by Steve McCranie | Dec 5, 2016
When we look at the warnings from the Lord found in the first chapter of Proverbs, we are naturally drawn to the almost prophetic words of Forrest Gump.
“Stupid is as stupid does.”
To put it in the words of Solomon:
“How long, you simple ones, will you love simplicity?” – Proverbs 1:22.
Or, “How long, you simple (foolish, simpleminded, stupid, naive, moronic) ones, will you love simplicity (what is foolish, simpleminded, stupid, naive, moronic)?”
Great question. But what is the object of this question? What exactly are the stupid ones loving stupidly? What can we learn about the wisdom of God from what is being said here? If you want to know more, then keep listening.
The following is a study on Proverbs 1:20-33.
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by Steve McCranie | Mar 16, 2016
My son, if sinners entice you,
Do not consent.
In the church today, especially in the West, we peddle the Gospel of Jesus Christ, the “good news” as it is known, yet conspicuously fail to tell our young, trusting converts the “bad news” that comes along with the total package of salvation. And that “bad news” is that right now, as a believer, as a Christian, as one redeemed by the sacrifice of Christ, you have an enemy. And your enemy is powerful, numerous, well-equipped and an experienced, battle-hardened veteran ready to fulfill his evil mission for your life— to “steal, and to kill, and to destroy” you and all Christ has done for you (John 10:10).
And our enemy, Satan, works tirelessly, 24/7 to accomplish his task.
In fact, the neglected truth of the Gospel is that once someone passes from death to life, once they’ve been “delivered from the power of darkness and conveyed into the kingdom of the Son of His love” (Col. 1:13), a huge bulls eye is placed on their chest inviting and directing all the evil in the world to come and test this new Man of God.
But this reality should be of no surprise for someone who knows the Scriptures. For they promise us that “all who desire to live godly in Christ Jesus will suffer persecution (2 Tim . 3:12) and that we shouldn’t be surprised by or “think it strange concerning the fiery trial which is to try you, as though some strange thing happened to you” (1 Peter 4:12). Why? Because Jesus said, “If the world hates you, you know that it hated Me before it hated you” (John 15:18) and because “I chose you out of the world, therefore the world hates you” (John 15:19). Jesus then continues by assuring us we will face persecution and suffering because “if they persecuted Me, they will also persecute you” (John 15:20) and when these times of testing come, we should “rejoice and be exceedingly glad” (Matt. 5:12).
Which raises a few questions for us. Did the world persecute Jesus? I think the answer is obvious. They persecuted Him to His death. Did the world try to entice Him to sin, to falter, to fail in His mission to offer Himself as a sacrifice for our sins (Heb. 7:27)? Absolutely. And the world enticed Him to fall continually, daily in fact, from His temptation in the wilderness (Matt. 4:1-11) to the angry shouts at the cross to save Himself “if You are the King of the Jews” (Luke 23:37).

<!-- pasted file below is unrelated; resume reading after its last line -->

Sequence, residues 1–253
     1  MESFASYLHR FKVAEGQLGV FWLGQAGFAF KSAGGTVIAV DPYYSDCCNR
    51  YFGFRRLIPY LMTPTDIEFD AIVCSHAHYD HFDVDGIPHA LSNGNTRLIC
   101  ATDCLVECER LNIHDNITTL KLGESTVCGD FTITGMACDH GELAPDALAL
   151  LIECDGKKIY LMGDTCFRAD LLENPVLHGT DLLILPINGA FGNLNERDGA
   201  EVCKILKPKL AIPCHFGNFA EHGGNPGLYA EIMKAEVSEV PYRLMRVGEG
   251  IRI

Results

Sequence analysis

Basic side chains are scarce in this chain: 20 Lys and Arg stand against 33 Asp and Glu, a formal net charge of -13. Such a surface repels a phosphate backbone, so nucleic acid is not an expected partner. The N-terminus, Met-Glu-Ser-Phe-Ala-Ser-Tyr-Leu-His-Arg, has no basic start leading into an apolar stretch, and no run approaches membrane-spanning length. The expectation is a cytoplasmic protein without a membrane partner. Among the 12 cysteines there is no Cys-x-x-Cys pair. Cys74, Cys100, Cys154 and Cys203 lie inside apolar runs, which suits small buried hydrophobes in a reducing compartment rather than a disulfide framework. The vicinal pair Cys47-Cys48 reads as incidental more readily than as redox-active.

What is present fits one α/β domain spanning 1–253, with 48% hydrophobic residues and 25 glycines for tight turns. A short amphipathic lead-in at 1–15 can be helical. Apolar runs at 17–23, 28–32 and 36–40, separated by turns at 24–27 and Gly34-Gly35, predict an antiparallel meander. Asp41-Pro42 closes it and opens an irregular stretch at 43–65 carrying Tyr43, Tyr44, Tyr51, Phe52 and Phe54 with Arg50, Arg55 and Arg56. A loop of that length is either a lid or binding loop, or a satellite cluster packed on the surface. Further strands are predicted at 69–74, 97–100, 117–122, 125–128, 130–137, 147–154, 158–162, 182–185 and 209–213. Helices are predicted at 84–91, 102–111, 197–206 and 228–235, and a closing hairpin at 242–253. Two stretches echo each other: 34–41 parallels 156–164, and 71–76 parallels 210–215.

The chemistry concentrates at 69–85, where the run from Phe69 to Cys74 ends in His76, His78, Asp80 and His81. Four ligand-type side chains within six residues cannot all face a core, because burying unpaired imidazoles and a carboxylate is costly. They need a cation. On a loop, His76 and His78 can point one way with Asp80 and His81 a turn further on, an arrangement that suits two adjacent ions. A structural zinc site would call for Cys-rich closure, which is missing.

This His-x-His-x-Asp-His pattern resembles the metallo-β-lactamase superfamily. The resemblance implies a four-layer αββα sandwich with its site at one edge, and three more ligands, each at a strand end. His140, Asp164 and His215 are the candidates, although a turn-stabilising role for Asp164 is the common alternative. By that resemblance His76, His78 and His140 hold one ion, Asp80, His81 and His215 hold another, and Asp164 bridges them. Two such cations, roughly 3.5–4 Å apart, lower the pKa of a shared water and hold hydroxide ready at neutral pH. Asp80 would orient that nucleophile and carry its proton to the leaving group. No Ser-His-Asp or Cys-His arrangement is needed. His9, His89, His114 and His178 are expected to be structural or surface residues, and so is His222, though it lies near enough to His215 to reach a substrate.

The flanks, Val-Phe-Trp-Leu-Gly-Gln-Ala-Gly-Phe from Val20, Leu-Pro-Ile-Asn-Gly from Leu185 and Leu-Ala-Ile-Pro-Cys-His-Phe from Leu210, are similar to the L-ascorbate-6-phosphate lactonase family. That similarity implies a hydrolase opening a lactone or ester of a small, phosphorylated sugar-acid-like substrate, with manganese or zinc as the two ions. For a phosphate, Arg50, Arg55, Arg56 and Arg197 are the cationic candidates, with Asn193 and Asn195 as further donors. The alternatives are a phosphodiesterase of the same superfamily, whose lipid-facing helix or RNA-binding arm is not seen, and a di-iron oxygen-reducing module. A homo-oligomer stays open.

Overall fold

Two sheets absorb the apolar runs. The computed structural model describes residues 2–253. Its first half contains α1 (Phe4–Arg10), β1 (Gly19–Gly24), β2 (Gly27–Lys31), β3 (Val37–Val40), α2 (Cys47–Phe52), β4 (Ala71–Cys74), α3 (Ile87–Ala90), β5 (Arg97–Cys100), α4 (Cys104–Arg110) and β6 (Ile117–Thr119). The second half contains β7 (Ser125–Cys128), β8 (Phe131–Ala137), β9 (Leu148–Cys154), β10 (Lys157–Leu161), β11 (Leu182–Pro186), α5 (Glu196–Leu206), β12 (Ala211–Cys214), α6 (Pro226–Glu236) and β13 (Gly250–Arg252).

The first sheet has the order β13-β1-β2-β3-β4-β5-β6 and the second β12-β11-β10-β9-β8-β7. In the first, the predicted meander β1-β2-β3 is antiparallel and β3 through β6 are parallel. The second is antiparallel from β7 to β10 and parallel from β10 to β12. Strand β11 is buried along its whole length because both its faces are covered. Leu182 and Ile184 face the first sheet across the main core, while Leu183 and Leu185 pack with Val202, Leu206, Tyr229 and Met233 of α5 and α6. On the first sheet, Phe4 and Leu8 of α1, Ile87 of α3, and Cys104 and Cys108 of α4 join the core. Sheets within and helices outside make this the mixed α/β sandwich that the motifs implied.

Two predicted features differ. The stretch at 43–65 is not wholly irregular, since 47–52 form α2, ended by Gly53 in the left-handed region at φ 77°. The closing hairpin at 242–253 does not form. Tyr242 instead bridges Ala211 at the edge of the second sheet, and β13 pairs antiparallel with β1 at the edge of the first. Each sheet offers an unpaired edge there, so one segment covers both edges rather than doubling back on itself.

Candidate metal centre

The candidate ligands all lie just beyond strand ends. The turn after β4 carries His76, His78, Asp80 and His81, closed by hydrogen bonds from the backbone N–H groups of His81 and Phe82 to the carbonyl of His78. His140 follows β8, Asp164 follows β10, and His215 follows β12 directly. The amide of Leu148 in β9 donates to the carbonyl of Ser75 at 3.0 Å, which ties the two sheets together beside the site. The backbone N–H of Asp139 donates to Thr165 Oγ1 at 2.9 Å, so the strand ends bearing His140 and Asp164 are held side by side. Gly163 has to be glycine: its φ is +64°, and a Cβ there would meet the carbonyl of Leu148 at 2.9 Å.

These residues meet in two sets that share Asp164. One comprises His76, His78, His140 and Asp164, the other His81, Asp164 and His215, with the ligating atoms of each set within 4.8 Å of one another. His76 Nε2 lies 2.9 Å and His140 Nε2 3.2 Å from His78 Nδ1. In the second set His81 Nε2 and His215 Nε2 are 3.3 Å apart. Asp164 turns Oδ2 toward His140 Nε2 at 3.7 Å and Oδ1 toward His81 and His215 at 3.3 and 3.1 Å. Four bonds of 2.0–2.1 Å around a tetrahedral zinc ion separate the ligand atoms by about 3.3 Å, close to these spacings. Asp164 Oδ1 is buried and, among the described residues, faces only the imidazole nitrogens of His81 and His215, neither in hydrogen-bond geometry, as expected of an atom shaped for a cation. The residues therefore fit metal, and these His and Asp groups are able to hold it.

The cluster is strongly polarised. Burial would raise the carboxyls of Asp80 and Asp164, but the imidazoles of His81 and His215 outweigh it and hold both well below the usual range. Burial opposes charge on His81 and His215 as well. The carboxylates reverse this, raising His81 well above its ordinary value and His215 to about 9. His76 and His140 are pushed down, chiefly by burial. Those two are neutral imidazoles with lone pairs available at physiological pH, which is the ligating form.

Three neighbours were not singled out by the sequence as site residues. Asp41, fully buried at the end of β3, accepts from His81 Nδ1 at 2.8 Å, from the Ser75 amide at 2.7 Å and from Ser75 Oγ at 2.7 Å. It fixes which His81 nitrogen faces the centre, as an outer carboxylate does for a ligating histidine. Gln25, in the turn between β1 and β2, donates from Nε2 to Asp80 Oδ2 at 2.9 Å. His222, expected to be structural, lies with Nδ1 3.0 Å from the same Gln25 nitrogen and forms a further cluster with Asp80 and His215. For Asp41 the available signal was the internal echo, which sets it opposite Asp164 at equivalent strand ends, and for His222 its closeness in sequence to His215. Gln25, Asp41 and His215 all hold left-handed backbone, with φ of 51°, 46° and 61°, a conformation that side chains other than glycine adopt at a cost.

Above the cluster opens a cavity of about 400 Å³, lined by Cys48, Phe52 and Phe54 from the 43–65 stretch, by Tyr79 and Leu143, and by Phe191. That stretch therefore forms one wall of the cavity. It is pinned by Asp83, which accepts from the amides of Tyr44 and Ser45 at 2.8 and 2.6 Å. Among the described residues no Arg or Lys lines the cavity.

Jesus was enticed to sin so much that the book of Hebrews states, without question, that He was “in all points tempted as we are, yet without sin” (Heb. 4:15). In other words, whatever you and I face regarding temptation— the allurement, the enticement, the almost irritable draw to sin and lust and pride— Jesus was also tempted in the very same way, and much more so, yet without sin. And He, as One who walked in our shoes and yet did not consent to sin, He is our perfect example of the life we are to live in Him.
The Inevitability of Temptation
In Proverbs 1:10 we see the loving father again giving his naive, impressionable son sage advice on how to live righteously in the fallen world that is the home of our enemy. His advice shows the inevitability of temptation and the power behind that temptation as nothing more than the cruel reality of our life in this world we are not part of any longer (John 17:16). But it also shows us the way through that temptation and the choices we must make to live above the fold of sin.
Proverbs 1:10 – My son, if sinners entice you, do not consent.
The advice begins with the personal words we see repeated over and over again in the Proverbs: “My son.” These words are personal, loving, coming from a father who desperately wants to mature his young son before he faces the temptations and enticement that come to all men living in this world. The father knows what his son will soon face, the father has been where the son is soon to walk, and the father all the more implores the son he loves to listen to the “instruction of your father, and do not forsake the law of your mother” (Prov. 1:8).
And the message of the father is simple and direct. “If sinners entice you, do not consent.” The message begins with the word, if. Unlike its usage today, this if does not primarily mean a conditional phrase or clause, something that might happen someday, to somebody, but probably not today and certainly not to you. It means “since or because” or “when or whenever” and implies a condition that is capable and expected of being fulfilled regularly, at any moment. And so it is with the temptation to sin.